Etching Process

Etching is a very mechanical process. A zinc plate is coated and scratched by an etching needle, or painted with a design, and is then etched by acid in a controlled reaction. This forms an image on the plate that will hold ink. The inked plate and paper is run through an etching press which presses the plate image to the paper. The art of etching involves the variety of methods used to form the image on the plate. Etchings are typically black ink on white paper. Color is usually not involved. Some see this as a limitation; I see endless possibilities. The unique mechanical process of etching allows for a wide variety of shapes, textures and resonant grays and blacks that are not possible with any other medium.

Like many specialties, etching has its own language and thought processes. The following pages should give the reader a working knowledge of the terms and etching methods used on this website.

The processes described are for etching with zinc plates. I do not use copper plates or photo-etching.



A new zinc plate is covered with a light layer of grease that can be removed by rubbing with ammonia and whiting. I have also seen printmakers use fine steel wool to polish the plate but I think this is unnecessary. The grease must be removed or acid resists will not completely adhere to the plate surface.

The edges of the plate are sharp and must be beveled with a file so that they do not cut into the paper or the press blankets when printing.

The beveling of the plate gives an etching a distinct look when printed. The edges of the plate will indent the paper surface, as the plate is pushed into the paper when printed. This is how you can tell an etching from a reproduction.


After cleaning and beveling, I paint a thin layer of stop-out on the plate with a foam brush. I use back and forth strokes to give an even surface and let it dry overnight. The dry surface has an even sheen across the entire plate. Any stop-out on the back of the plate must be removed or it can cause indentations and uneven wear when run through the press.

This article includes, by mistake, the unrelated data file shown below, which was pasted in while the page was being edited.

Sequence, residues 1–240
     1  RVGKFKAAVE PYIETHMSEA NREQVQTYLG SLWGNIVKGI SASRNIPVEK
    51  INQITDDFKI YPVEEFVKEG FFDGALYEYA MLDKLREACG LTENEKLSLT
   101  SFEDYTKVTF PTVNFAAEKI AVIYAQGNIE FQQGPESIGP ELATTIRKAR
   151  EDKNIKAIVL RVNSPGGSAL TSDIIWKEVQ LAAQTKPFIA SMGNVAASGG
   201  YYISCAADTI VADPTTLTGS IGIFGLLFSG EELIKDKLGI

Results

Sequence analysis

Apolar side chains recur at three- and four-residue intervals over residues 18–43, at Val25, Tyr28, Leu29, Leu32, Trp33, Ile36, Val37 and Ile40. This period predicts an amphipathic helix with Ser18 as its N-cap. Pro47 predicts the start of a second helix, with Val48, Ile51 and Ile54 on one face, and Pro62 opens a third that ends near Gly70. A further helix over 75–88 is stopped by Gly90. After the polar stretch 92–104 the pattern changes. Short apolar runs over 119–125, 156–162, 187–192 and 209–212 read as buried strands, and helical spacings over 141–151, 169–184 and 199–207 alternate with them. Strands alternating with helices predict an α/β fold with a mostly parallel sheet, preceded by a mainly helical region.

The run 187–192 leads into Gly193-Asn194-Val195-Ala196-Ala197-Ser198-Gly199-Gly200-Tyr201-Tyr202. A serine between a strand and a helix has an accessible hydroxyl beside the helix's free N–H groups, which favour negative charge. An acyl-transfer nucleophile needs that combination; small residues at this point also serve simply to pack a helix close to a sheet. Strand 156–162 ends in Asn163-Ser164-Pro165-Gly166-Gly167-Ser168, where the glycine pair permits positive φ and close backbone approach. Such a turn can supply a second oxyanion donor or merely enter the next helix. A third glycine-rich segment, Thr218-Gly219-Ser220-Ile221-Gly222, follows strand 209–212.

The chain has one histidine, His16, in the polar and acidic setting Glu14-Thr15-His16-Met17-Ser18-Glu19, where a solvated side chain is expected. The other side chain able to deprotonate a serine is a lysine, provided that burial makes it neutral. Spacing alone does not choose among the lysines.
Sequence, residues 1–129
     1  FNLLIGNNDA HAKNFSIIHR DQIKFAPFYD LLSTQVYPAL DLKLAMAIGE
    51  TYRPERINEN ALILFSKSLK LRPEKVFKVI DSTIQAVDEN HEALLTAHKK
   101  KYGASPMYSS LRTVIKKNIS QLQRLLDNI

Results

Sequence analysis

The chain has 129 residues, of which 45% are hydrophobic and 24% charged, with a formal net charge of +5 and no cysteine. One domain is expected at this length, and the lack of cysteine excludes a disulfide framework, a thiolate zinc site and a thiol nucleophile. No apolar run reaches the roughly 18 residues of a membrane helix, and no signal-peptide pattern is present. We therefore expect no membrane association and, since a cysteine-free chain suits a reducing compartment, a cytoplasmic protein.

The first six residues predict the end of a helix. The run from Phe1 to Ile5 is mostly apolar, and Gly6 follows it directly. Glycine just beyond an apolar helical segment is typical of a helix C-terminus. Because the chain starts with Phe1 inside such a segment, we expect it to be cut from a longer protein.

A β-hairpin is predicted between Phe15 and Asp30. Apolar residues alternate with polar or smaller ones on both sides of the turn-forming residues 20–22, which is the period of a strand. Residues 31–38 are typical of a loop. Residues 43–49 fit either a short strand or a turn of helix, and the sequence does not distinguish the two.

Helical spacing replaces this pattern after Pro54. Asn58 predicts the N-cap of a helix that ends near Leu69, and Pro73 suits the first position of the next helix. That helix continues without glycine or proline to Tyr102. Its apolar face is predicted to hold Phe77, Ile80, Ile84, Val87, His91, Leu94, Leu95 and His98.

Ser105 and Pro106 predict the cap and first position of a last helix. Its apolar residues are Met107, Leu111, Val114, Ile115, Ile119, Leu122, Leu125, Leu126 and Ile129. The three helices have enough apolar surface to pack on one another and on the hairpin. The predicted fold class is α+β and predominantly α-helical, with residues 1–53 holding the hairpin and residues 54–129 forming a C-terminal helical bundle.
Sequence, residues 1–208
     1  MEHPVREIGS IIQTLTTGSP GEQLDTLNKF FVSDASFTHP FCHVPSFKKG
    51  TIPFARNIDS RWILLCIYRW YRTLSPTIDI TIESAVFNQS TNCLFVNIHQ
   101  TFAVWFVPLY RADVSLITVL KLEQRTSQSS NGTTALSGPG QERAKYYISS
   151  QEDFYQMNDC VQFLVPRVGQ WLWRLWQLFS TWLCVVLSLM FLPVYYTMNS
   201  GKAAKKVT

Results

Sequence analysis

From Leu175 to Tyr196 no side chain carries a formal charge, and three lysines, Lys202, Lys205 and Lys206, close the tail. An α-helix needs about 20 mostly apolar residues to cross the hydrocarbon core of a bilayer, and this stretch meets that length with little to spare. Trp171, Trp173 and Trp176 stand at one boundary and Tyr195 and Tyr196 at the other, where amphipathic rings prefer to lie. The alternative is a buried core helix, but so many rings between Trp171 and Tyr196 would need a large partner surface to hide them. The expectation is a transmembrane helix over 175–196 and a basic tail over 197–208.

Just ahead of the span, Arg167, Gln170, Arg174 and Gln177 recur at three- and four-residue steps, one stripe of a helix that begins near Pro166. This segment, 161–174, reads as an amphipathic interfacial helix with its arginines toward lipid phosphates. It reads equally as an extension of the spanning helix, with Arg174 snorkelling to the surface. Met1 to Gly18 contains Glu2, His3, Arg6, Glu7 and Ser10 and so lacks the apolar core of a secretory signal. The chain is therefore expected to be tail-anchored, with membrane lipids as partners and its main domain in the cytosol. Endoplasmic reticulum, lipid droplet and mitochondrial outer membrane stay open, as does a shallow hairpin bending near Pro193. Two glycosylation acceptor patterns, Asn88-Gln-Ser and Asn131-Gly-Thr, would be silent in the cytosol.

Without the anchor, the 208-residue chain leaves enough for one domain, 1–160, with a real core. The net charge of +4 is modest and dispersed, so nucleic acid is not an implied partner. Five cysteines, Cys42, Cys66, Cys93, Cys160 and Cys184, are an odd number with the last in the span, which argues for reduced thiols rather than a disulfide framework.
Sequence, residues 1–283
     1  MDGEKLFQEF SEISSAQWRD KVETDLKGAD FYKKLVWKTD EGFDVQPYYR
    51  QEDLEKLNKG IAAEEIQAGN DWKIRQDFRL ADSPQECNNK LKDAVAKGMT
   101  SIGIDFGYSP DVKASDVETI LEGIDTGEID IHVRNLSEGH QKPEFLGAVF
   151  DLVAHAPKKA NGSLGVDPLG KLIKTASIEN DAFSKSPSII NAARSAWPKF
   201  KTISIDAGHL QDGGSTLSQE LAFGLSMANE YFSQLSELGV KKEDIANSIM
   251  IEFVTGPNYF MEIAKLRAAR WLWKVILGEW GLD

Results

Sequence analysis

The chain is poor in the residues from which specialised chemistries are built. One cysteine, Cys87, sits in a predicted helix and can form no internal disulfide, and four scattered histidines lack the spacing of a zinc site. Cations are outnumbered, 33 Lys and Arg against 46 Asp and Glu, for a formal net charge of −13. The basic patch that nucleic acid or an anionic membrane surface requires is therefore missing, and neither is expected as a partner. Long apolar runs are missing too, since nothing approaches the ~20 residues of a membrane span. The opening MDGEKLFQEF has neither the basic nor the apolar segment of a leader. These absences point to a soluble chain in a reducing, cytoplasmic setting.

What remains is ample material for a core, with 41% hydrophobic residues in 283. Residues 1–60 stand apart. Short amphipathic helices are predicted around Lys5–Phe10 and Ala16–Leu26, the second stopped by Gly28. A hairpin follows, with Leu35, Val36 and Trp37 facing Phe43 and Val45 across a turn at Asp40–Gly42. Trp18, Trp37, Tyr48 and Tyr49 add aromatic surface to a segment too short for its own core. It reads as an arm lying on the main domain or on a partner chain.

A drawing is traced on clear frosted Mylar with a Number 2 pencil. Mylar is an easy surface to work on and I typically work from left to right (I am right-handed) to prevent my hand from smearing what I have already drawn.

The stopped-out plate is put on the press bed. The Mylar drawing is put on top of the plate with the drawing side down and taped in place. The plate and drawing are run through the press using light pressure. The pressure of the rollers will transfer the Mylar drawing to the stopped-out plate. The image will be in reverse.


When the image has been transferred, the plate is ready to be worked on and etched in nitric acid.

An etching needle can be used to go over the image. Only remove the stop-out with the needle; you do not have to dig into the plate. When the plate is put in the acid bath, the acid will eat into the exposed lines to give an image similar to pen and ink. If some lines of the image are to be light and others dark, the plate can be removed from the acid tray after a short period and the light lines stopped out. The plate can be then further etched, causing the exposed lines to be etched deeper and giving a darker line when printed.